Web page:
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Trouble with Your EHR? When to Convert to Another System
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Buying and implementing an electronic health record (EHR) system is the biggest decision a practice will ever make. EHR systems can have both positive and negative impacts on a practice’s operations depending on the vendor’s qualifications and how the system is implemented. Keep in mind that vendors are not responsible for all failures, however. Some practices find it extremely difficult to implement change, while others have buyer’s remorse and regret their decision to purchase an EHR system altogether. Practices can also find it difficult to adjust to an EHR system when it does not meet their own unique needs and requirements. This is especially true for ophthalmology practices, given their specific complexities. Some vendors avoid the specialty altogether or partner with vendors that focus exclusively on ophthalmology practices.

Anatomy of an Ophthalmology Practice
One reason that both ophthalmology practices and vendors struggle with EHR systems is the complexity of the practice itself. Let’s examine the “anatomy” of one ophthalmology practice by reviewing its possible services:

  • Professional services
  • Surgical services
  • Optical services
  • Laser services
  • Retina services
  • Cornea services
  • Cosmetic services
  • Revenue cycle management services

And when you look inside the basic practice structure, the systems get even more complicated. The composition consists of the following:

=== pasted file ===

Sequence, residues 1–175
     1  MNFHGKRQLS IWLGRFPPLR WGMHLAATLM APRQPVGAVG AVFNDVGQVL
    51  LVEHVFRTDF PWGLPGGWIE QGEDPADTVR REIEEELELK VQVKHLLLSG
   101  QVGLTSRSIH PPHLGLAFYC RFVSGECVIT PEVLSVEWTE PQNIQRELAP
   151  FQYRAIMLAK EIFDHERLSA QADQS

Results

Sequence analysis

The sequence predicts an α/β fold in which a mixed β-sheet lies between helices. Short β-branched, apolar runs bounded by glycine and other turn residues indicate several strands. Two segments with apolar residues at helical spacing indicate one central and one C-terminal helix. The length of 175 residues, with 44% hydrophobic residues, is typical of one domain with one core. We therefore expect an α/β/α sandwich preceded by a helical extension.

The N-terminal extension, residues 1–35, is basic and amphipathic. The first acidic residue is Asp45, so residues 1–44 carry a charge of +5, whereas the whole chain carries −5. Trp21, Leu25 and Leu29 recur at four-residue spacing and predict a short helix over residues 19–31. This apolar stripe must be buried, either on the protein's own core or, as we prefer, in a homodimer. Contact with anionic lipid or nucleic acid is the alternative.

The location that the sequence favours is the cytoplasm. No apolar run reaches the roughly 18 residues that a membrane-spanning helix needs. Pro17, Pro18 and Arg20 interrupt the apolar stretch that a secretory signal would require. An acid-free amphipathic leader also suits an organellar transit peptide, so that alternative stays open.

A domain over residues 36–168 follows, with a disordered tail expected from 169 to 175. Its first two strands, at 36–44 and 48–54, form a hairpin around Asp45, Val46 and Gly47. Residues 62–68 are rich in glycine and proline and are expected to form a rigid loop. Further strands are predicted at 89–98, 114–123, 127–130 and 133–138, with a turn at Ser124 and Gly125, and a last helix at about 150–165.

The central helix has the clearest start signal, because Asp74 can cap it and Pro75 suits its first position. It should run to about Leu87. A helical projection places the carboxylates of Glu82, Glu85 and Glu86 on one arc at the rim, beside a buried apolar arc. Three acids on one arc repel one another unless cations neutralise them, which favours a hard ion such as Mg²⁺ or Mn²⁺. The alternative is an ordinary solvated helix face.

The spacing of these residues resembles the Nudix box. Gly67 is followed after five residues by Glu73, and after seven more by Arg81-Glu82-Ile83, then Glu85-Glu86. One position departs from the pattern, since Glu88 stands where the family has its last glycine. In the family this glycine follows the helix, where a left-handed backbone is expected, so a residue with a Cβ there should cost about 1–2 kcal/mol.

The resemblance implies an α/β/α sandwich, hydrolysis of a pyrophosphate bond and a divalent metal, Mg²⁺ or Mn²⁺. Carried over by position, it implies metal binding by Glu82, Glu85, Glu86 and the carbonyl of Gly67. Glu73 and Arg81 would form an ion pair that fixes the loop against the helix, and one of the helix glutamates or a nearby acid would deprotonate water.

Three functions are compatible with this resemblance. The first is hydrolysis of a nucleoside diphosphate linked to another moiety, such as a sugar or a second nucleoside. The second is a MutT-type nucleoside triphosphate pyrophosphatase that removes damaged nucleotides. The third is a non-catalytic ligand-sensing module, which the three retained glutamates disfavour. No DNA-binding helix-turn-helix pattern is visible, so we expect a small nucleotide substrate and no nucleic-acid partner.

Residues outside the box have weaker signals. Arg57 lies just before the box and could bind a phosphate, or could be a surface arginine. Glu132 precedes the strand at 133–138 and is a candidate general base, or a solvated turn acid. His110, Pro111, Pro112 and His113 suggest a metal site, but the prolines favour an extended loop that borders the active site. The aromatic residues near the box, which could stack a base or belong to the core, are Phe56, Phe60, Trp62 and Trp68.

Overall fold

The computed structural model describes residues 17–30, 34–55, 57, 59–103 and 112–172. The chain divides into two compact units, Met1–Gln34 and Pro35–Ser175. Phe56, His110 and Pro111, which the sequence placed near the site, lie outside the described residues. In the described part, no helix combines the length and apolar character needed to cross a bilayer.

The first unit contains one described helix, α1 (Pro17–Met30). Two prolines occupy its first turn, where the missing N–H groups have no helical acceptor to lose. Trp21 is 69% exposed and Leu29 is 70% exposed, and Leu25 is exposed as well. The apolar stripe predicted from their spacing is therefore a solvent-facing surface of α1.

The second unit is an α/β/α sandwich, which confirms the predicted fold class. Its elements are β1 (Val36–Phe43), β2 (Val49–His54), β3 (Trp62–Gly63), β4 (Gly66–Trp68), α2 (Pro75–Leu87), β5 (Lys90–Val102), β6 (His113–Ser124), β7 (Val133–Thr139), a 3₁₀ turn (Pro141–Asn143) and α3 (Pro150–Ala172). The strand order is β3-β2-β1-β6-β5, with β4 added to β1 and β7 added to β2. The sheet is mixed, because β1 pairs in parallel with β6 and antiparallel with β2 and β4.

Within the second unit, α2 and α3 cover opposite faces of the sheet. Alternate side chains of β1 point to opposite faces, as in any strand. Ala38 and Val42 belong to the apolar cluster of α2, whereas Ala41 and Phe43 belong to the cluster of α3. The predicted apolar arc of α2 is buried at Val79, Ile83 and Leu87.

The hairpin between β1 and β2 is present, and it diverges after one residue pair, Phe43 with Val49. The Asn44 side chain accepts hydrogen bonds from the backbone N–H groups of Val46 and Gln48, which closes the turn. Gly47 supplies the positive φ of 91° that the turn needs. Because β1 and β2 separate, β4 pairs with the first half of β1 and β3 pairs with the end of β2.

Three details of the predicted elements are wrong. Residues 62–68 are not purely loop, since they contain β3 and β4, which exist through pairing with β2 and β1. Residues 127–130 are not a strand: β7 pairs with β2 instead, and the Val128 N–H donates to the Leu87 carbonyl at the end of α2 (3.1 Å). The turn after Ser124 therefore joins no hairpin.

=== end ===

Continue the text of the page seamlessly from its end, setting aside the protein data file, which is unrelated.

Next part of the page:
• Device integration
  • Image management, storage and retrieval
  • ASCs
  • Exam-room instruments
  • Reporting
  • Physician Quality Reporting System and e-prescribing programs
  • Clinical integration
  • External integration
  • Practice management integration
  • And on and on …

Why Do EHRs Fail?
To understand why some EHR systems fail involves first determining if the solution was ever capable of meeting the requirements of a typical ophthalmology practice, as outlined above. For example, an ophthalmology practice with an ASC likely operates under two tax ID numbers, which typically requires two databases to keep the financials separate. Not all systems can support multiple databases within a single application. A purchaser who discovers this limitation only after the system is in place faces major problems. The outcome can be difficult to accept after the fact, especially if the vendor promised a much different result. To ignore the problem or to delay taking action to remedy it can have several unintended consequences, including, but not limited to:

  • Cost overruns;
  • Loss of confidence;
  • Failure to comply with EHR incentives; and 
  • Future penalties for not adopting an EHR system.

So why do EHR systems fail to live up to expectations or not perform satisfactorily? There are a myriad of reasons. Having consulted with several practices trying to reinvigorate their EHR systems, here are my top 10 reasons (in no particular order):

  • The system created a prolonged (more than six weeks) threat to physician productivity.
  • The system was defective from the beginning.
  • The system did not have specialty-specific content or workflow built into it.
  • The trainer was ineffective and unqualified.
  • The implementation was flawed and did not consider workflow.
  • The practice did not commit the necessary resources to the project.
  • The infrastructure, network and hardware were inadequate.
  • The vendor misled by overpromising and underdelivering.
  • The system was incomplete or was missing critical modules such as portal, e-prescribing, practice management and so on.
  • The vendor discontinued the product and stopped supporting the system.

When Should You Replace Your EHR?
So the big question for practices that are dissatisfied with their EHR system is this: When is it practical to replace your system — and when is it not?

Start by asking yourself the following questions about the system:

Can the issues be resolved through remediation and/or some type of new approach?